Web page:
Worksite wellness and worksite wellness programs
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Worksite Wellness : Effective Components

Organization America is increasingly investing in employee wellness because it is great business. In order to meet work rate demands, corporations must rely on a healthy, beneficial workforce to succeed in the highly competitive global marketplace. Over a hundred research studies in both corporate and governmental settings have documented the economic advantages of Worksite Wellness , including reduced absenteeism, reduced injuries and workman’s compensation expenditures, reduced healthcare expenditures, reduced employee turnover, as well as increased work rate, greater worker satisfaction, and improved morale.1-10 The more recent literature reflects improvements in wellness programming along with greater return on investment (ROI). In general, the more focused and intensive the program, the greater profit realized. To enhance their performance federal government Worksite Wellness may be able to incorporate some of the features described. Employee wellness programs demonstrated to have beneficial returns on investment often include the following features:

  1. 1. Health and work rate management model
  2. Programs characterized by this model focus attention on identification and reduction of specific risks or behaviors such as smoking, lack of physical activity, excess weight, unhealthy diet, elevated cholesterol, high Blood Pressure (BP), stress, depression, and so on. High-risk employees are specifically targeted for intervention, although the most successful programs also direct efforts towards healthy employees in order to maintain their low-risk status. This model emphasizes outcomes as opposed to simply offering wellness activities for their own sake.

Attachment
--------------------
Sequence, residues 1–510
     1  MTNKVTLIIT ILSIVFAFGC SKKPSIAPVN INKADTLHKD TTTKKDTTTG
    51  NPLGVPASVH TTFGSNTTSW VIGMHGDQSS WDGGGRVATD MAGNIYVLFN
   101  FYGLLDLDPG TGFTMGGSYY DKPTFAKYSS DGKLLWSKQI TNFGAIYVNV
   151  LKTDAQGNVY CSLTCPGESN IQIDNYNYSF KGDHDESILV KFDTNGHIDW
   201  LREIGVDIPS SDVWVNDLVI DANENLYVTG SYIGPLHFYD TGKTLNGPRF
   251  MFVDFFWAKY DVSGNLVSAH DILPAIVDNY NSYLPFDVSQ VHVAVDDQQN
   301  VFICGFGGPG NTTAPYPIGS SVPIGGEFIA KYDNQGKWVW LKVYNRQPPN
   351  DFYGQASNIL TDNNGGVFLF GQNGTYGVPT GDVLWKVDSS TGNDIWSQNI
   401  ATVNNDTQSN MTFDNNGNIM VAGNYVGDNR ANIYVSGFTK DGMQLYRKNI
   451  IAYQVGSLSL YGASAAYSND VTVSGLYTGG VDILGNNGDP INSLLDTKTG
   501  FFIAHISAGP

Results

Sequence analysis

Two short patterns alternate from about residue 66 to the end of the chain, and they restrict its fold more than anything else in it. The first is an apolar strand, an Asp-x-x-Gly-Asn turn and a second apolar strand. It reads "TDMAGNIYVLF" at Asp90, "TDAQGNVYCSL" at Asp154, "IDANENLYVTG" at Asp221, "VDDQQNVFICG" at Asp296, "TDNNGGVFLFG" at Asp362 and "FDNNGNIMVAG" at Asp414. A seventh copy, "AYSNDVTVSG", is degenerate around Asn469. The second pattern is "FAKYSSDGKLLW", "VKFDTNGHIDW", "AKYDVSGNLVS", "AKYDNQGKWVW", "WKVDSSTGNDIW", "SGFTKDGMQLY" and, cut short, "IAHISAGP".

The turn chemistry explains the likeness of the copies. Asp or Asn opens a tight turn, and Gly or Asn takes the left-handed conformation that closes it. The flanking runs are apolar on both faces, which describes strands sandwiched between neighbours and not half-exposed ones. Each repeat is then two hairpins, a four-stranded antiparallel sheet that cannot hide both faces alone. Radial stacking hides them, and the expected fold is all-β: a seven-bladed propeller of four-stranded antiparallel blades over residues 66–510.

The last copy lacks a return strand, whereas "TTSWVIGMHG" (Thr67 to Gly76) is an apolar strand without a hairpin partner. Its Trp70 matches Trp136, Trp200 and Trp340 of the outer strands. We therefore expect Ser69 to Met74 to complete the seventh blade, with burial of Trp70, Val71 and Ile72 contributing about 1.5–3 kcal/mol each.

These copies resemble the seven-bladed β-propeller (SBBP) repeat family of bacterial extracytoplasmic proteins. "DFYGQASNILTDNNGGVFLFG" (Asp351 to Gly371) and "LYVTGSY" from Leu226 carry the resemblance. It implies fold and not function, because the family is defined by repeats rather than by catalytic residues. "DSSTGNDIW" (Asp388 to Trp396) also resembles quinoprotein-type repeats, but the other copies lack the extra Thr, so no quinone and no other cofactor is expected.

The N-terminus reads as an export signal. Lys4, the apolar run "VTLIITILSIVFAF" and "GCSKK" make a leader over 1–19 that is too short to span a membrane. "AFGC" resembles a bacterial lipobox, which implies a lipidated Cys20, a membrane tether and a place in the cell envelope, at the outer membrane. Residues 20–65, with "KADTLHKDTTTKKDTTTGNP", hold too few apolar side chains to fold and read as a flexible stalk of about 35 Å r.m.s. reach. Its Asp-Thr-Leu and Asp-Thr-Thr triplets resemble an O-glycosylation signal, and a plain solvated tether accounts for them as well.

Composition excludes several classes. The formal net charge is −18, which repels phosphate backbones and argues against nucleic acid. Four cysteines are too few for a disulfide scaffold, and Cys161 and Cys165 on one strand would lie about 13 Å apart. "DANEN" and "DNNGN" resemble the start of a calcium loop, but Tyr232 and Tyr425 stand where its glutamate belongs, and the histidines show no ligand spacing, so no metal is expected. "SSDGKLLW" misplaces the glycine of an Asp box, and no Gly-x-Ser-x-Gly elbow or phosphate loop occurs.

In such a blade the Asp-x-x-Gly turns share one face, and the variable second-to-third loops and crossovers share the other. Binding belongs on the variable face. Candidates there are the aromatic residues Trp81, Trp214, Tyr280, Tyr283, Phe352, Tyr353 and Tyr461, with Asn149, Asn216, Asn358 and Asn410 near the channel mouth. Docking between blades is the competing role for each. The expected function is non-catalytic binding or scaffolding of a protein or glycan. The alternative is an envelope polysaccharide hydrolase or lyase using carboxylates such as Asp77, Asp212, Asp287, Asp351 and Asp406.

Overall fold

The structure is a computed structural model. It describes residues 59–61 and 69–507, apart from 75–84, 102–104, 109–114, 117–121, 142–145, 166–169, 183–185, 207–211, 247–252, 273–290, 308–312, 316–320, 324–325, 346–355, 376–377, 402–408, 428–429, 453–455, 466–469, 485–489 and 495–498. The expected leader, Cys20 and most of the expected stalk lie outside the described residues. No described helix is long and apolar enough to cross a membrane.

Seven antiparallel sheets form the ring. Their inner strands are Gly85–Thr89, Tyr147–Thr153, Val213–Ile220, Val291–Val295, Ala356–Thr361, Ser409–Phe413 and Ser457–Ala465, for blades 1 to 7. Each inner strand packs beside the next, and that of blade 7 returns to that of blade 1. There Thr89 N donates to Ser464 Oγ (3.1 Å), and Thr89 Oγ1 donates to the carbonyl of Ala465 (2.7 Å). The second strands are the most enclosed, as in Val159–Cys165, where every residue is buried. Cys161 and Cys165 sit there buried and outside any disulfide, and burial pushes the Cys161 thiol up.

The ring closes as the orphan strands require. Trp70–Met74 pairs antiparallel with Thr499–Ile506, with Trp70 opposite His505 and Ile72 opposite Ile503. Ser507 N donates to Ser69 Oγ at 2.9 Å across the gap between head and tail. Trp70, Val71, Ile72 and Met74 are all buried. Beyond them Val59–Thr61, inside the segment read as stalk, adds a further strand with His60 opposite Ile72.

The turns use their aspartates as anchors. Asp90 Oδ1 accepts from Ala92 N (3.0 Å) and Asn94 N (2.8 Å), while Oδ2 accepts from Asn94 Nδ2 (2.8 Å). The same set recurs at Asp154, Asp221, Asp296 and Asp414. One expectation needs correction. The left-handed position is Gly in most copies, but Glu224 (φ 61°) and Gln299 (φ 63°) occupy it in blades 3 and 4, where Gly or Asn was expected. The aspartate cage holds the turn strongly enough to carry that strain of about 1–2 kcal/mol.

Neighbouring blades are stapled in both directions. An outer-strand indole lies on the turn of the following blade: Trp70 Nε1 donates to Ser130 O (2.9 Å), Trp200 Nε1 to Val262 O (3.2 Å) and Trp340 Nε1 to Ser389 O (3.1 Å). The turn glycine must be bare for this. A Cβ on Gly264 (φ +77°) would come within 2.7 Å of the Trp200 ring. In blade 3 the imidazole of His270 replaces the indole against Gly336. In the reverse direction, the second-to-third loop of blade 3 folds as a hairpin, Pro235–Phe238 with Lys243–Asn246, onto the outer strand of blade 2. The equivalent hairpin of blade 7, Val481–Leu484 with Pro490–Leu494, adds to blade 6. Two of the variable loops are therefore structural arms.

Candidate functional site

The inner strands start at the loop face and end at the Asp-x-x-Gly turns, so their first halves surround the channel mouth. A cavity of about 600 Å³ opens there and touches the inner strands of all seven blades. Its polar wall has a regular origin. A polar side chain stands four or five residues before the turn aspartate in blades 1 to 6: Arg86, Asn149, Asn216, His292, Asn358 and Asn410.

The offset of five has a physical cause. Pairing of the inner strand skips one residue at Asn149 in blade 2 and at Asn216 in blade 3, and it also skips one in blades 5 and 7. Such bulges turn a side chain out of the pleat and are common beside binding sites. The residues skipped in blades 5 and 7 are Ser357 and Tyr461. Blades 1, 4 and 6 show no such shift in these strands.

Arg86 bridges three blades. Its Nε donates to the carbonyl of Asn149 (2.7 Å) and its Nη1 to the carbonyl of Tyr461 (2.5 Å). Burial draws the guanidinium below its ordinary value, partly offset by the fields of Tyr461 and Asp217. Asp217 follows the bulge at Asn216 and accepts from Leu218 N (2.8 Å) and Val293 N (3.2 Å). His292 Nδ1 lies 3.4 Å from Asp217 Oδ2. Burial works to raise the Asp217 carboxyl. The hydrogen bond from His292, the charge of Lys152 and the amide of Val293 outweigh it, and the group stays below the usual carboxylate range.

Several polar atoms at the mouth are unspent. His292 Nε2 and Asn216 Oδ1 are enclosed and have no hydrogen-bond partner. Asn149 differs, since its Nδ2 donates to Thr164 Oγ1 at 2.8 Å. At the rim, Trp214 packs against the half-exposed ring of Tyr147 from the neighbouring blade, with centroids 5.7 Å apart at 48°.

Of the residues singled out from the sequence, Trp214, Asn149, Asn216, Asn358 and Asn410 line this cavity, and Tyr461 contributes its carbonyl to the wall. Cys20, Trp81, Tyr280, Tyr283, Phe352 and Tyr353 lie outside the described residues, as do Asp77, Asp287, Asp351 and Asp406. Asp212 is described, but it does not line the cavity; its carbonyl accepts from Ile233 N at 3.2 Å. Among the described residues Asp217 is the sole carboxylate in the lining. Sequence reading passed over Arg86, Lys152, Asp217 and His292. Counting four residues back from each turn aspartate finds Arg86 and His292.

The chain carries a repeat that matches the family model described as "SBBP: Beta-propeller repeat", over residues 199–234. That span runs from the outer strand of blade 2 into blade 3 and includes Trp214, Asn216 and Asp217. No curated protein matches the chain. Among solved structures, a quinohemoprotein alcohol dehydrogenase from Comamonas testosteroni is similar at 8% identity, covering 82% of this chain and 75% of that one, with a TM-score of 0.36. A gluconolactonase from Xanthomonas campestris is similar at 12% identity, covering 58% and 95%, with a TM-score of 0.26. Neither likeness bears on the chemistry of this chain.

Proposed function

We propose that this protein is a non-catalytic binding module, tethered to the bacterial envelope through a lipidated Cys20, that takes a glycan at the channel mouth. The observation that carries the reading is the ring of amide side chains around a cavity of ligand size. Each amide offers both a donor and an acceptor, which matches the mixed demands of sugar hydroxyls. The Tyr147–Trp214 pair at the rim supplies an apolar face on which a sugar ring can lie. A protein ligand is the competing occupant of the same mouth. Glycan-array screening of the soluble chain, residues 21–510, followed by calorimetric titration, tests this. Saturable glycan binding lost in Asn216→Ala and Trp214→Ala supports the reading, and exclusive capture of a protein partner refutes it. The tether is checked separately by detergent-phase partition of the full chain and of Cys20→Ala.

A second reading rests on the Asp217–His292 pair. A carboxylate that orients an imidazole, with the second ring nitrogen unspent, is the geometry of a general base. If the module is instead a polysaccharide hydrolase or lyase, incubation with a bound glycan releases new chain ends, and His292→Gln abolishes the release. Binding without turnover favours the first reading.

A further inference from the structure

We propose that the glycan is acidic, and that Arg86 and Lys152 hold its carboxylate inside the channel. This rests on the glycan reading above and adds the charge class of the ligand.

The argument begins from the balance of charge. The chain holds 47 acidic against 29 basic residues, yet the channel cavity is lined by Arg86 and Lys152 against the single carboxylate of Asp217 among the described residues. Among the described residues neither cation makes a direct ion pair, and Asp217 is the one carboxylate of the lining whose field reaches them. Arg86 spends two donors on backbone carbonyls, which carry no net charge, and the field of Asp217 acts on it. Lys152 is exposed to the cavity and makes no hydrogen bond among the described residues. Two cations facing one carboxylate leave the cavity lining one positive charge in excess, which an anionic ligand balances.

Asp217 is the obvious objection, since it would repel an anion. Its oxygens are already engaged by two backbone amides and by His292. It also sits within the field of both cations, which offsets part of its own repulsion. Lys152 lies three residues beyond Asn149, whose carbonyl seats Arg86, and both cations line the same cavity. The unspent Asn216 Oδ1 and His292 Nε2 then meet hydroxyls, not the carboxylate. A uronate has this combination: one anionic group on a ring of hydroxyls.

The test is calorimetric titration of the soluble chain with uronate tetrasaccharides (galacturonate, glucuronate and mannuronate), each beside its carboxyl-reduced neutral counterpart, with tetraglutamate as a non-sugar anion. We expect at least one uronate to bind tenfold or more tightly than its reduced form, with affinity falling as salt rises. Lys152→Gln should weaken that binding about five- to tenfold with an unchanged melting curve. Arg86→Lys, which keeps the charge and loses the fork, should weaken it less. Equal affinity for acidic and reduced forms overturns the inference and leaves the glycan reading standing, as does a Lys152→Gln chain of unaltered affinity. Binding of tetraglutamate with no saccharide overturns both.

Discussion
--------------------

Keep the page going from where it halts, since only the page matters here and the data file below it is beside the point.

3. 2. Health risk appraisal
  4. Use of a computerized health risk appraisal (HRA) instrument with individualized feedback and recommendations is almost universal in successful programs. Staff Members take the questionnaire annually in many cases. The HRA serves to broaden awareness, offer direction, and excite people to improve specific behaviors. In some cases, the personalized report is directly linked to appropriate resources related to identified risks. Research indicates that the use of an HRA is effective if it is followed by some kind of educational or therapeutic intervention for identified risks. It often serves as the entry point into wellness programs.

  5. 3. Health Screening
  6. Many programs combine the results of the health risk appraisal with measurement of each employee’s biometrics, including weight and Body Mass Index (BMI), Blood Pressure (BP), cholesterol, fasting glucose, and assorted other metrics. Combining the results of the HRA with biological measures results in a more accurate risk profile. Computer health risk appraisals often incorporate biometric data in their risk analysis.

  7. 4. Incentives
  8. employees are frequently given monetary or other important rewards for completing an HRA, participation in a program or class, specific accomplishments such as stopping smoking, losing weight, or exercising, and for maintaining healthy status and/or behaviors. In many cases the monetary incentives/rewards are associated with reductions in health care insurance premiums. Some programs use disincentives as well as incentives/rewards, such as charging employees who use tobacco higher rates for their health care insurance contribution.

  9. 5. High participation rates
  10. Successful programs use incentives/rewards to drive participation rates up. They also market their programs extensively, and may use contest or challenge strategies to heighten enthusiasm and promote participation.

  11. 6. Wellness coaching